I've recently purchased a Canon 430EX II to use with my 550D and it's great but I'm having battery issues.

I've been trying to use 2× 800mAh Ni-Cd and 2× 2500 mAh Ni-Mh (all rechargeables, the 800mAh being a few years old) but I'm finding that if I charge the batteries the day before I intend to use them then flash won't fire (even the test flash).

Now I'm aware that the 800mAh batteries are probably too weak and worn out for usage in an external flash. But I don't know whether to buy a new charger and four high powered rechargeables or just keep buying named brand disposable batteries.


3 Answers 3


Not only do you need new batteries, but what you want is low self-discharge NiMHs. Like the name says, they have a better not-in-use retention of charge, reducing frustrations like this. They generally have lower capacity than "regular" NiMHs, but unless you're planning to recharge and then use them up immediately, it's worth it.

The common brand name here is Sanyo Eneloop (I think they were first to market), but there's now lots of others as well.

Also see (and vote up!) Mike's answer to this question. You shouldn't mix battery types like that. (In fact, it's best to use a matched set that you always use and charge together.) I highly recommend 8 new low-self-discharge NiMHs, so you can have one set in use and another ready to go.

  • \$\begingroup\$ +1, Eneloops are amazing. I charge them, stuff the flashes back in the bag, and they're still ready to shoot when I take them out after two weeks. \$\endgroup\$
    – che
    Commented Feb 1, 2011 at 22:46
  • \$\begingroup\$ eneloops. Or one of the rebranded eneloops (I found at Costco a pack of Duracell Rachargeable Precharged batteries. The ones made in Japan are rebranded eneloops and have a white ring around the "+" terminal) \$\endgroup\$
    – ysap
    Commented Feb 1, 2011 at 23:19
  • \$\begingroup\$ That explains why my normal rechargeable batteries don't work well. Thanks for the post! \$\endgroup\$ Commented Sep 28, 2015 at 19:00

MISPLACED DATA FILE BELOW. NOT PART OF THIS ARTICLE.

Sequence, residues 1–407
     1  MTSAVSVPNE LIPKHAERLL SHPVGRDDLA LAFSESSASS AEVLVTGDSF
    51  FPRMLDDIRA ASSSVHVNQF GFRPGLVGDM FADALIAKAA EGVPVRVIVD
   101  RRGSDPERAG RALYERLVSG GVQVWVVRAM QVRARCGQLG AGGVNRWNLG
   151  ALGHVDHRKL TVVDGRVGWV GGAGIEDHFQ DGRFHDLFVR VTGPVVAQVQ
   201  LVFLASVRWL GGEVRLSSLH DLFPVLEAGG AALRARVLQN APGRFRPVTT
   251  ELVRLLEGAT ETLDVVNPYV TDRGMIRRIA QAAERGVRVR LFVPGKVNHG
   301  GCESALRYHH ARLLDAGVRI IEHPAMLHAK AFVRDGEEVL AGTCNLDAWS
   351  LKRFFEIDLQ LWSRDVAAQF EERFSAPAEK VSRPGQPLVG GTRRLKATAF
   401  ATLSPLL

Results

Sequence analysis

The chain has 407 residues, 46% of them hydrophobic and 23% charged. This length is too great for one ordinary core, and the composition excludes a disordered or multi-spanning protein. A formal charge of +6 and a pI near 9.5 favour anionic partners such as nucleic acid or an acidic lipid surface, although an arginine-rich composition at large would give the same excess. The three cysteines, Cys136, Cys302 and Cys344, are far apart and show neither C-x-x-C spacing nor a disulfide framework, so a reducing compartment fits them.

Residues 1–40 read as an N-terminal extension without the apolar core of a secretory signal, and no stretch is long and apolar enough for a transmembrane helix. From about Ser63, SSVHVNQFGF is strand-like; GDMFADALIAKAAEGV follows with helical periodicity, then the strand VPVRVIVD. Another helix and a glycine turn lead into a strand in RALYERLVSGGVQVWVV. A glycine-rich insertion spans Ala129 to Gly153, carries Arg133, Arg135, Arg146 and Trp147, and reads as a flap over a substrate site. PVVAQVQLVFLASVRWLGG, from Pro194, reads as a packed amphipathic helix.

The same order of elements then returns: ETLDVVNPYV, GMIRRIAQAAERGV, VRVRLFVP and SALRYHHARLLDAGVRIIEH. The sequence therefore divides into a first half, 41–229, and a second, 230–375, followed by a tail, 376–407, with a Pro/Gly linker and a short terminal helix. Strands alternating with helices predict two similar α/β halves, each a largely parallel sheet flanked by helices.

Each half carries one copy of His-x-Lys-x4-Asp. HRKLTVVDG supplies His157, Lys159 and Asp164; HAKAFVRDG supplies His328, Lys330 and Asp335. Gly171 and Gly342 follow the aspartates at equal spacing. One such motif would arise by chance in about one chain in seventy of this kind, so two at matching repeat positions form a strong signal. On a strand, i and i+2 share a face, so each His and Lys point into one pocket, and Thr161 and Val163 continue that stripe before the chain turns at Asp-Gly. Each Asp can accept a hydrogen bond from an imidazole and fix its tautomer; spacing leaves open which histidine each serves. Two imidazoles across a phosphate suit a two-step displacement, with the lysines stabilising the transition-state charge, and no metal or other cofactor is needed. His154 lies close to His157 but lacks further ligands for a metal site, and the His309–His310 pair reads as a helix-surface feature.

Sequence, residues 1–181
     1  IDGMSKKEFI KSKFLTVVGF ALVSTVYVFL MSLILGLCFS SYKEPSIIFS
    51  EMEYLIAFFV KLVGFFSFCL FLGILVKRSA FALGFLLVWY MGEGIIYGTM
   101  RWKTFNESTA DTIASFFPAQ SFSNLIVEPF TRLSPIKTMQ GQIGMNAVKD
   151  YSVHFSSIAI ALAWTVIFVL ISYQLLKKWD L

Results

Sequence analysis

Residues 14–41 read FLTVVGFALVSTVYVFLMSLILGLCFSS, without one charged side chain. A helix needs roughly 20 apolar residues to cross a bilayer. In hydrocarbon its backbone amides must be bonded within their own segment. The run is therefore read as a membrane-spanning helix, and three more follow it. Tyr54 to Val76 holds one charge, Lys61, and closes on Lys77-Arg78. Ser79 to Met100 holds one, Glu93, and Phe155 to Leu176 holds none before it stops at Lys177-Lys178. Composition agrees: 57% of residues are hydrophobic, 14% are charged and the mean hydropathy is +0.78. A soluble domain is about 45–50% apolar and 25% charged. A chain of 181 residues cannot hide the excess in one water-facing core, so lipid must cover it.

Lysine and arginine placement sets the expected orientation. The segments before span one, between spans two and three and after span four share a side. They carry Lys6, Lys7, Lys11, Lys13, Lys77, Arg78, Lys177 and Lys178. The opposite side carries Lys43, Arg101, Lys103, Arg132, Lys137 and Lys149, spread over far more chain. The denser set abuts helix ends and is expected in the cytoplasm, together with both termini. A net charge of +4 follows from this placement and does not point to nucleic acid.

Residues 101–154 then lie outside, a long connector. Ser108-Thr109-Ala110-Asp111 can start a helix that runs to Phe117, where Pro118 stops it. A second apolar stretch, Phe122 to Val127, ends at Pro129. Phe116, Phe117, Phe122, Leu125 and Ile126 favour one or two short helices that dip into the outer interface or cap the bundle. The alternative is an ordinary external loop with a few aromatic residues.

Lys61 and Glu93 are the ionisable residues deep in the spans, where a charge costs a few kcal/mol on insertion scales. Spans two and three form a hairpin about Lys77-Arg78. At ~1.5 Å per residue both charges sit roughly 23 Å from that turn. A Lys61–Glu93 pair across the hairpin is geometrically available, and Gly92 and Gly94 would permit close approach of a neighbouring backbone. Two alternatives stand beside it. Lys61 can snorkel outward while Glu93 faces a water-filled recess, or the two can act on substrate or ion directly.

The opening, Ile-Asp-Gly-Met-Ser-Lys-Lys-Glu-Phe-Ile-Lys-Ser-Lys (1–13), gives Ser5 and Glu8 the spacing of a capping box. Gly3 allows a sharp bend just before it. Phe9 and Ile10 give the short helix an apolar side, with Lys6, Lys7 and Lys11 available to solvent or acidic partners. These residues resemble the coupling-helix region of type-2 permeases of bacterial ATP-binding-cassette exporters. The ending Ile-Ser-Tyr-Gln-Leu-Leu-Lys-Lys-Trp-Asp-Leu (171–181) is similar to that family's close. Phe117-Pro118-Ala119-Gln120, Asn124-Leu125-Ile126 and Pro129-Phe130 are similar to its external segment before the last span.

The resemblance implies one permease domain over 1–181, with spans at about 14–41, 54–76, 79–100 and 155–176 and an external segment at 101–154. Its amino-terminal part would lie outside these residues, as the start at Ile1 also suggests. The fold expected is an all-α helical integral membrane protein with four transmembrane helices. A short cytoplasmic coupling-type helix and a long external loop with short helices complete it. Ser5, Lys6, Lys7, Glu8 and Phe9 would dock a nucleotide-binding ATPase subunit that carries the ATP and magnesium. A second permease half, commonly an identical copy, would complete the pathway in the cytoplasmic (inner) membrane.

One other thing - don't mix your batteries with different specs. In your case, mixing 2500mAh batteries with 800mAh batteries will be causing you problems.

  • \$\begingroup\$ Oh wow, good catch. I glossed over that in the question. Absolutely! \$\endgroup\$
    – mattdm
    Commented Feb 2, 2011 at 3:39

Get new rechargeables. Disposable batteries (alkalines) have much higher internal resistance, and they'll bring the recycling speed way down.(Okay, maybe not as far down as flat batteries, but slow nonetheless.) Disposable lithiums will cost an arm and two legs over time. They're great for something you drag out of the closet at Christmas for a half-dozen snaps and put away till next year, but if you use the flash with any regularity at all, they'll be the most expensive option.

NiCds tend to perform better when new (they have a very low internal resistance, resulting in recycling currents that can actually harm some older flashes) but they have horrible lifetimes unless you are meticulous about charge/discharge cycles. NiMHs perform only slightly less well when new, and will both last longer per charge and last longer overall with less worry about things like charge memory. Lithiums are also an option, but your flash really needs to be built to accept them -- they have a high enough cell voltage and a low enough internal resistance to quickly fry a flash.

The upshot? New NiMHs will probably be your best bet.


Your Answer

By clicking “Post Your Answer”, you agree to our terms of service and acknowledge you have read our privacy policy.

Not the answer you're looking for? Browse other questions tagged or ask your own question.